ABS data released shows that a total of 17,070 homes (seasonally adjusted) were approved for construction in the month of October 2018, 1.5% fewer than in the previous month and 13.2% fewer than in October 2017. The monthly decline in total approvals was driven by multi-unit homes, which declined by 5.4%, while detached house approvals increased by 1.7%. Source: Timberbiz
However, new home building held up well during the September 2018 quarter despite the tougher market conditions, according to Master Builders Australia’s Chief Economist Shane Garrett.
“… ABS figures on Construction Work Done indicate that new residential building work eased back by 1.8% during the (September) quarter but was still some 4.7% higher than a year earlier.
“Surprisingly, the apartment/unit side of the market put in a strong performance and came close to surpassing its busiest quarter on record. Work on detached houses fell by 3.2% compared with the previous quarter,” Mr Garrett said.
“The performance of residential building has proven more resilient than expected in light of the unfolding credit crunch and less favourable conditions in Australia’s largest housing markets,” he said.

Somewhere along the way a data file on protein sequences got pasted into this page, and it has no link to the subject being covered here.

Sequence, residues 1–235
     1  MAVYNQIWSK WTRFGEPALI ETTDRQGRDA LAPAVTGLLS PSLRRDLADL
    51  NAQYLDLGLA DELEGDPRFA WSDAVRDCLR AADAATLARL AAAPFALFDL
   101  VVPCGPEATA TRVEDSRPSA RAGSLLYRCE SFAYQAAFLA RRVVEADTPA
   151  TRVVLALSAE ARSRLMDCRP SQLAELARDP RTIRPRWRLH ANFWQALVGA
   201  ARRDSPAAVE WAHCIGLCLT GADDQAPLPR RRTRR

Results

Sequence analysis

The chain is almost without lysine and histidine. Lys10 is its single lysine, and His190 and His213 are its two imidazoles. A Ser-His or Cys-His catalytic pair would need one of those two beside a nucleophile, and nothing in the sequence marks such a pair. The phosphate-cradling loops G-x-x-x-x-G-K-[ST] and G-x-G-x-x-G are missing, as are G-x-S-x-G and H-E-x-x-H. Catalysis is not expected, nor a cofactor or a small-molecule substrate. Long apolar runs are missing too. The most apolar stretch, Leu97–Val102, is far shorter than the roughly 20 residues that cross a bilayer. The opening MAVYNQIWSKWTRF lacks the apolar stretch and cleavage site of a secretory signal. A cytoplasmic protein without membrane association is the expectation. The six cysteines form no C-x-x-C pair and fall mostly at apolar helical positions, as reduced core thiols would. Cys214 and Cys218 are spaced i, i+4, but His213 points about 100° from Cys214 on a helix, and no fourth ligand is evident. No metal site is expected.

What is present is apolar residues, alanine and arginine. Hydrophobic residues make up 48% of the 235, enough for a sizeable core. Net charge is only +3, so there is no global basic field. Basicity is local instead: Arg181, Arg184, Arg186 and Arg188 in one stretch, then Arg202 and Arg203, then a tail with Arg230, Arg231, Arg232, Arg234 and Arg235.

“Going forward, we do expect the tougher financial environment to take its toll on the volume of new home building over the next few years. Larger apartment projects will probably see the biggest reduction.”
Non-residential building declined by 2.4% during the September 2018 quarter and engineering construction fell by 4.5%.
“With the federal Budget set to be delivered earlier next year, it is important that it includes measures to support our sector’s capacity to meet the building needs of a steadily growing population,” Mr Garrett said.
On the results from October Diwa Hopkins, HIA Economist said that with housing finance increasingly difficult to access and home prices in Sydney and Melbourne continuing to decline, the flow of new homes being approved for construction continues to recede.
“While APRA’s restrictions were designed to curb high risk lending practices, ordinary home buyers are now also experiencing delays and constraints in accessing finance,” she said.
“A credit squeeze has emerged in the latter of half 2018 and this is playing a major role in slowing the flow of new home building work entering the pipeline.
“Households who are seeking to buy new homes are often not receiving sufficient finance, while for those who do receive adequate financing, it now takes much longer to reach that milestone.
“A downturn in new home building has long been anticipated. The current credit squeeze however risks the pace and magnitude of the decline developing into something faster and greater than expected. This would result in a greater drag on the wider economy.”
Total seasonally adjusted dwelling approvals in October 2018 fell in South Australia (-17.0%), Tasmania (-3.0%), Victoria (-2.6%), Queensland (-1.1%), New South Wales (-0.5%) and Western Australia (-0.1%).
In trend terms, total dwelling approvals in October fell by 12.5% in the Northern Territory and increased by 0.8% in the Australian Capital Territory.